Actress Gabrielle Union didn’t flinch when she was asked about Disney’s controversial stance, lackluster response, and subsequent apology over Florida’s “Don’t Say Gay” bill.
She didn’t hold back – even though she was walking the red carpet for her new Disney film, Cheaper by the Dozen. The film is about a family with ten children and devoted parents.
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Florida’s “Don’t Say Gay” bill would stop teachers from mentioning LGBTQ people in elementary schools. The bill has passed the Florida legislature and is awaiting the Governor’s signature.
The controversy began when it was revealed that Disney had donated money to the bill’s main sponsors. In addition, Chapek initially refused to publicly condemn the measure. He wrote that “corporate statements do very little to change outcomes or minds” and “are often weaponized by one side or the other to further divide and inflame.” Instead, he highlighted the company’s commitment to telling diverse stories and told employees who were unhappy with his decision to go see a therapist.
Chapek then said he would meet Florida Gov. Ron DeSantis (R) to discuss somehow preventing the bill from being weaponized against LGBTQ people. In response, DeSantis said that he refused to bow down to “woke corporations” and released a video accusing LGBTQ people of trying to “inject transgenderism into kindergarten.”
Trying to do damage control, Disney said it would donate $5 million to the Human Rights Campaign (HRC) and other LGBTQ rights organizations. HRC rejected its donation and said Disney needed to take more direct action to combat the bill. Chapek eventually apologized to employees for not denouncing the bill.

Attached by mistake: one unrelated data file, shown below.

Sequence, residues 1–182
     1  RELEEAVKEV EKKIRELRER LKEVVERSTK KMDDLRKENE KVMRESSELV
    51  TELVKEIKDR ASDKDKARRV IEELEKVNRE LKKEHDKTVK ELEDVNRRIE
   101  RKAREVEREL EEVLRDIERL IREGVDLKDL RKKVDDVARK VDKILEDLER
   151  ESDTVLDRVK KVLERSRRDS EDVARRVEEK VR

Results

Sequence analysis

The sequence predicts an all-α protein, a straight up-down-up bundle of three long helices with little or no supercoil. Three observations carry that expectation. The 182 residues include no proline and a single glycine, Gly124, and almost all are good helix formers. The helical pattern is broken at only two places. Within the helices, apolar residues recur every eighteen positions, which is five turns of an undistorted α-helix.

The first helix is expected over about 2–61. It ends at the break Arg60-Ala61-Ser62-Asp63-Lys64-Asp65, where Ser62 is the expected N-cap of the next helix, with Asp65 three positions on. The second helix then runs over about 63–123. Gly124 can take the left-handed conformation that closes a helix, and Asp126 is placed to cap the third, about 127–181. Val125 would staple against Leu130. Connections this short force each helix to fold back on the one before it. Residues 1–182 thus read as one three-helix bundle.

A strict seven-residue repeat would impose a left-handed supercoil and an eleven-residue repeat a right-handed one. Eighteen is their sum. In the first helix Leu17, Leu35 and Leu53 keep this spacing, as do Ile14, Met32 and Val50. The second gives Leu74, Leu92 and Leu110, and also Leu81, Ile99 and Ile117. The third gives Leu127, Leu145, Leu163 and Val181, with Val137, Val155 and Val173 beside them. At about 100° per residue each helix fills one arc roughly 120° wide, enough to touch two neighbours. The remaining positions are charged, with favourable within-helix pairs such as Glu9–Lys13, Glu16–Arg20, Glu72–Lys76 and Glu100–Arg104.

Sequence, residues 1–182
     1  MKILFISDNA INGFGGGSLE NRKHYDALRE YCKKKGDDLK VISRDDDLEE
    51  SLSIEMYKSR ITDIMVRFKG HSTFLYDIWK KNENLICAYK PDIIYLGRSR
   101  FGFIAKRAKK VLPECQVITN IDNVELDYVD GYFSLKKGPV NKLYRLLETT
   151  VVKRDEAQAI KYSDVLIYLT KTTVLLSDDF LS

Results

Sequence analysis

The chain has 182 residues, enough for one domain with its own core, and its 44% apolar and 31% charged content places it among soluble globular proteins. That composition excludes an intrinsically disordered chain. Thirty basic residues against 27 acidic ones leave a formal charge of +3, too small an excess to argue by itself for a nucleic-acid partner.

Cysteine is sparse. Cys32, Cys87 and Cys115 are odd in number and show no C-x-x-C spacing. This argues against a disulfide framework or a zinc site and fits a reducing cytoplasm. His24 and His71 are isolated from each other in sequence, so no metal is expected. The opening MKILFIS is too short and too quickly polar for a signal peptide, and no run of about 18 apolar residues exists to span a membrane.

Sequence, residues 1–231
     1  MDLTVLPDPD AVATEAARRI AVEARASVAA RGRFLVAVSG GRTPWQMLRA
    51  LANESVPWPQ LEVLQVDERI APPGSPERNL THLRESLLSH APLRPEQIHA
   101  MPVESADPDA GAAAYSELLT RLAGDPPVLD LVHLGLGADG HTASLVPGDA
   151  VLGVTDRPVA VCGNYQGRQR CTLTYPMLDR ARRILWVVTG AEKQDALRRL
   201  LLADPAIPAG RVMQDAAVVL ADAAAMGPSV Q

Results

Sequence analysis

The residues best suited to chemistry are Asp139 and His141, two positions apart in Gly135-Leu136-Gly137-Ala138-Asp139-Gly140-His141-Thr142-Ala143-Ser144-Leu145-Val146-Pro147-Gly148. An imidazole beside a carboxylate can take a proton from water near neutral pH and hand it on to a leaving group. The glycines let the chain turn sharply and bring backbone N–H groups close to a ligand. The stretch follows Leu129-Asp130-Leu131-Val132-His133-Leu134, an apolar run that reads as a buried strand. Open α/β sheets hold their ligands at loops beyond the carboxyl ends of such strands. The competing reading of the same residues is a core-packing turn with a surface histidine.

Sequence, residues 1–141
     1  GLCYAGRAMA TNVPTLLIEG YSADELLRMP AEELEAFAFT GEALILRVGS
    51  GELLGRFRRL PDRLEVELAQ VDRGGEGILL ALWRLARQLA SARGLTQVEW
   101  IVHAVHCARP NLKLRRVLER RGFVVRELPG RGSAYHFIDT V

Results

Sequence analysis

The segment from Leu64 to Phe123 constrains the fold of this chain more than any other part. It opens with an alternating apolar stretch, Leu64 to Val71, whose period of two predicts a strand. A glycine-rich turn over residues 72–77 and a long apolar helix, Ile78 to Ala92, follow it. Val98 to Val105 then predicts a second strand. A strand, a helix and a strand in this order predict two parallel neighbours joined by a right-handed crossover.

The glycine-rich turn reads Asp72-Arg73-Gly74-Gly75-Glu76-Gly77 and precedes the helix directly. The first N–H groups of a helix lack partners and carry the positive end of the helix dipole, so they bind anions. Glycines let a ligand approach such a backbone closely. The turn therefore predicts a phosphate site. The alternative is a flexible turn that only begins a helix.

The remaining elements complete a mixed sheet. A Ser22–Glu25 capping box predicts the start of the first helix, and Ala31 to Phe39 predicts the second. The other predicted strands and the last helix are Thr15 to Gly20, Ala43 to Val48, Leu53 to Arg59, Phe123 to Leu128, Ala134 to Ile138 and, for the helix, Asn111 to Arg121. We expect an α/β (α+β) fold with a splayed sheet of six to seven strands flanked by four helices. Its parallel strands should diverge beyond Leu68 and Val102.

Union and her husband, former basketball star Dwyane Wade, have a transgender daughter.
“I don’t want to say shock because hatred doesn’t shock me at this point. I’ve been a Black woman in America since ’72. Nothing shocks me, but the fear that gripped me because I know what this leads to,” Union said. “Every moment in history, there has been this moment. We know how this ends. We know where hate and oppression lead. And it can start now with the LGBTQIA community, but if you think that it’s just a them problem. Oh baby, you’re next.”
Then she spelled it out for any corporate flacks who still didn’t understand what she was saying.
“If you’re going to take a stand and be all about diversity and inclusion – and it’s not just about black boxes after George Floyd died – you need to actually put your money where your mouth is,” Union said.
“You can’t stand against hate and oppression and fund hate and oppression. That doesn’t work. Obviously, our family has a big spotlight. My child is one child. There are countless children who deserve peace and the ability to survive and thrive in this world, just like everybody else. And if you think that your kid isn’t next, you are so sadly mistaken.”